Fantasy Baseball: Pitching Preview for Tim Lincecum and the San Francisco Giants

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Fantasy Baseball: Pitching Preview for Tim Lincecum and the San Francisco Giants
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That San Francisco Giants rotation! That damn San Francisco Giants rotation!!  

They are the only reason my home-state Texas Rangers are not the current World Series champions (I refuse to give credit to Juan Uribe, Edgar Renteria or Cody Ross).  

And now I have to spend an hour or two looking at their names and discussing them. I will not enjoy this preview, but I hope you do and that you take some useful information from it.

The ace of the staff is "The Freak," Tim Lincecum. There is no need to tell you in great detail why he is a fantasy stud, because you already know.

But one of the head honchos here at The Fix, Alan, tweeted this impressive stat a few days ago, "Most strikeouts from 2008-2010? Tim Lincecum with 757. Second best? Justin Verlander with 651."

With Matt Cain, the Giants also have one of the three or four best 1-2 punches in the league (Phillies, Angels and Cardinals would be the others).  

There has been some conversation over at Fangraphs recently about how Cain has been able to keep fly balls from leaving the park so consistently over his five-year career. HR/FB rate is thought of as something that is somewhat variable and not always completely within the pitcher's control. For Cain, factors such as a favorable park and an emphasis on keeping the ball down in the zone, have been mentioned as possibilities.

The follow-up question to that inquiry is whether he can keep the low HR/FB rate going.

I would say he has a pretty good track record at this point and is still in the same favorable home ballpark.  When you add Cain's consistency in the strikeout department and his improved control (which helped him post a 1.08 WHIP last year) to his ability to keep balls in the yard, you get a top-20, maybe even top-15, pitcher.

In the interest of full disclosure, I have always thought of Jonathan Sanchez as overrated.  Admittedly, the season he turned in last year (3.07 ERA, 1.23 WHIP, 205 K’s) makes it look like I was wrong about him.  

But I would like to submit to you the following facts from Sanchez's 2010 numbers:

His BABIP was 37 points lower than his career average, his strand rate was over seven percent higher than his career average, his ERA was below 4.00 for the first time in his career despite his FIP and xFIP remaining in the four's and his control still sucks (4.47 BB/9).  

I am not saying Sanchez is not a mixed league-worthy pitcher, but I am saying that I disagree with everyone else here ranking him so high. He is the No. 32 starting pitcher in's new draft guide (BUY IT NOW!!!). That being said, I've even seen him as low as 27 on other sites!

I would, without a doubt, rather have Daniel Hudson (40), Hiroki Kuroda (41), Ted Lilly (43) and Ricky Romero (54). I just do not see how a guy who will be average in wins and ERA is a potential WHIP killer (combined WHIP of 1.40 in 2008 and 2009), and the fact that he only stands out in K's, makes him a borderline top-30 option.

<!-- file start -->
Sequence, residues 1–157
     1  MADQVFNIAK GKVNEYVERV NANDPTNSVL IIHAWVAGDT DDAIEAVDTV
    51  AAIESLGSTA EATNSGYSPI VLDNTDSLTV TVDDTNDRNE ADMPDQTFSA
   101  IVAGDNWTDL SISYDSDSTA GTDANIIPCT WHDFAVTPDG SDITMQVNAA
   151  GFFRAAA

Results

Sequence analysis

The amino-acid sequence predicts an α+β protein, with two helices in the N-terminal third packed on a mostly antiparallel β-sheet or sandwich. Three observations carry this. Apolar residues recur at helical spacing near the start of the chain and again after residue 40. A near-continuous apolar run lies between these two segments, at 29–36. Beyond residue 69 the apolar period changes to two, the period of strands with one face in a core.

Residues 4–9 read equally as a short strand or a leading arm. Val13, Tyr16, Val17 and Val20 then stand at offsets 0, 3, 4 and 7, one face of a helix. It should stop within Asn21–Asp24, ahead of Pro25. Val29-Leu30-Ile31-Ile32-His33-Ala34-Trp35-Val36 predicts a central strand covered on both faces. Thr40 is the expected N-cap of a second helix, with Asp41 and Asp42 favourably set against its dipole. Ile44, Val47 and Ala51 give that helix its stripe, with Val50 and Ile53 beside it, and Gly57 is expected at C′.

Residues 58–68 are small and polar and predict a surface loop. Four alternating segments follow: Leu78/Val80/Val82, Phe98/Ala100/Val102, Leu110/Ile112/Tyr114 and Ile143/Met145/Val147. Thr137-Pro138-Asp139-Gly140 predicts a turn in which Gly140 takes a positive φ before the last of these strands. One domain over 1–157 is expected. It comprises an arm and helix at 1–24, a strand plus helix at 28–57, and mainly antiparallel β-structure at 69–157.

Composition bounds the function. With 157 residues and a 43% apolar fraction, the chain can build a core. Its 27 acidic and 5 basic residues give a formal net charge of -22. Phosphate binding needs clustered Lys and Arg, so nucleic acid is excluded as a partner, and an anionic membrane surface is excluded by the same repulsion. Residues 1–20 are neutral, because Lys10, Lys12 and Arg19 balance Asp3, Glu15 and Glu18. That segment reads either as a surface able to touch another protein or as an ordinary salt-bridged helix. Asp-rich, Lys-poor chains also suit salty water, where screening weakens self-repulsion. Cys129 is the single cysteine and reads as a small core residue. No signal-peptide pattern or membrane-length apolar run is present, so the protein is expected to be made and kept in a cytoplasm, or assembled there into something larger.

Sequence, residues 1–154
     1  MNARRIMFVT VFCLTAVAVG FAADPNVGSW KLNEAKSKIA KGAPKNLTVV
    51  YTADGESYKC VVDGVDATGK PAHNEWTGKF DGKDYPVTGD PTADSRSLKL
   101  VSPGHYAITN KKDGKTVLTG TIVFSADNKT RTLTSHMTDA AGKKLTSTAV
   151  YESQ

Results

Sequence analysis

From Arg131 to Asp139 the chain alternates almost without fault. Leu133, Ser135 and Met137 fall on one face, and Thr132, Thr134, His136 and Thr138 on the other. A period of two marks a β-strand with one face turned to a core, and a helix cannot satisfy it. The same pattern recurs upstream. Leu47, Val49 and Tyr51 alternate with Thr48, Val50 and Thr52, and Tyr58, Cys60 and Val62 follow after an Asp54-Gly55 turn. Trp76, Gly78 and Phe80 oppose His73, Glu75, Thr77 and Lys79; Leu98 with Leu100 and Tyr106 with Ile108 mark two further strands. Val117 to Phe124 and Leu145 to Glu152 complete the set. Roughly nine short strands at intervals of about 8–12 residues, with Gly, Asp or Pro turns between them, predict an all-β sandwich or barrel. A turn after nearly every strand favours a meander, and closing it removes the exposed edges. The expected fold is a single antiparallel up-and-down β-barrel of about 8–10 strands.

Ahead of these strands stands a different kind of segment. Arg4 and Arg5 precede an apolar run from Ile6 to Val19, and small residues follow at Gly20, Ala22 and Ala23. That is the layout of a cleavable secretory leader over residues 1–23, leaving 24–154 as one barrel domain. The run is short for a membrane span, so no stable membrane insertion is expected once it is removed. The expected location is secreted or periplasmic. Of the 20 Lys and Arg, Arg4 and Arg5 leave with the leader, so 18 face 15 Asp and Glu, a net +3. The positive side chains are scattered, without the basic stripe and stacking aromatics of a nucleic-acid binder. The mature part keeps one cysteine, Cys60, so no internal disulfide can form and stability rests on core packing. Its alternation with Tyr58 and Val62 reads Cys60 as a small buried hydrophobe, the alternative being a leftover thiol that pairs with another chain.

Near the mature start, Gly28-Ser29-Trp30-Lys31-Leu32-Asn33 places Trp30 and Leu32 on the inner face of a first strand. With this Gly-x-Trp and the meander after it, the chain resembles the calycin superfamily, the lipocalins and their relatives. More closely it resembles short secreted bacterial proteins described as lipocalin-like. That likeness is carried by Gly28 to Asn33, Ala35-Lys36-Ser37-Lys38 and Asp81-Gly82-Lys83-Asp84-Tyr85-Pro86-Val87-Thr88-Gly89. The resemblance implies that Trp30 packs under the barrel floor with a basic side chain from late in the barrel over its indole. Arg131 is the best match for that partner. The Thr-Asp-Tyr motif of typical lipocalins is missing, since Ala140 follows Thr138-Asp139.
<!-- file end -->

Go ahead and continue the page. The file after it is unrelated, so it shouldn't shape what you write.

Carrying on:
Speaking of guys I feel are improperly ranked everywhere, can somebody please explain to me how in the hell Madison Bumgarner is a top-50 starting pitcher? There is no reason to think such a young arm is going to be a 200+ inning pitcher who throws deep enough into games to rack up the W's.  

Bill James has him projected for 12 wins, and with Bumgarner likely to throw somewhere between 175 and 190 innings, 12 wins seems like the high end for his win projection.  

He is no strikeout stud either. In 107 innings at AA, Bumgarner had a 5.80 K/9, and in 82.2 innings at AAA, he had a 6.42 K/9. Not exactly what I would call overpowering lesser minor league talent.  What the kid does do well is throw strikes,—he has good BB/9 numbers at every level—but a low walk total does not always translate to stellar WHIP.  

Between AAA and the majors, Bumgarner has given up more than a hit per inning. So, if his WHIP was just a HIP (WHIP minus the walks, obviously), it would be a 1.06.  Add the walks to that, and there is little chance Bumgarner gets the WHIP under 1.25 in 2011.  

There is nothing wrong with a 1.30-ish WHIP, but when that is supposed to be your strength, you are probably not a strong starting pitching option.

Barry Zito is not the Cy Young-caliber pitcher he once was, and he is definitely not worth that monstrosity of a contract.  But just because he is not a fantasy ace anymore does not mean he is no longer useful.  

Since 2006, Zito has been remarkably consistent, if you exclude the train wreck he had in 2008.  He usually posts about 10 wins, along with an ERA near 4.0, a WHIP between 1.35 and 1.40 and a K/9 around 6.00. While not usable in mixed leagues, consistent numbers like that have value in NL-only leagues.  

There is always the risk that Zito has another train wreck in 2011, but he should be a solid fourth or fifth starter for NL-only owners.




Written by Brett Talley exclusively for  Brett is a law student in Dallas who would also like to point out that Madison Bumgarner's strand rate was 10 percent higher than the league average last season. You can follow him on Twitter @therealTAL.

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